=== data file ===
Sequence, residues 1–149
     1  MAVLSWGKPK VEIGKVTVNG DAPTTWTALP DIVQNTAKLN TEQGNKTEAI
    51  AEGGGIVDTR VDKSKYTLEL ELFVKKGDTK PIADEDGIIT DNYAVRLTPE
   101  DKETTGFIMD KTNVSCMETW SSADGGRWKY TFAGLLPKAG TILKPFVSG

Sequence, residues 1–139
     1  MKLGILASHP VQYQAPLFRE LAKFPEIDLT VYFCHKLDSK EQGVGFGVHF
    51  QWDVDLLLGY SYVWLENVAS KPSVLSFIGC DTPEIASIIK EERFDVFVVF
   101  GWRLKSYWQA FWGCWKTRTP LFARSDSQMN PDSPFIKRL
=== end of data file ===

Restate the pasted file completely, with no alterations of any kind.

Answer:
Sequence, residues 1–149
     1  MAVLSWGKPK VEIGKVTVNG DAPTTWTALP DIVQNTAKLN TEQGNKTEAI
    51  AEGGGIVDTR VDKSKYTLEL ELFVKKGDTK PIADEDGIIT DNYAVRLTPE
   101  DKETTGFIMD KTNVSCMETW SSADGGRWKY TFAGLLPKAG TILKPFVSG

Sequence, residues 1–139
     1  MKLGILASHP VQYQAPLFRE LAKFPEIDLT VYFCHKLDSK EQGVGFGVHF
    51  QWDVDLLLGY SYVWLENVAS KPSVLSFIGC DTPEIASIIK EERFDVFVVF
   101  GWRLKSYWQA FWGCWKTRTP LFARSDSQMN PDSPFIKRL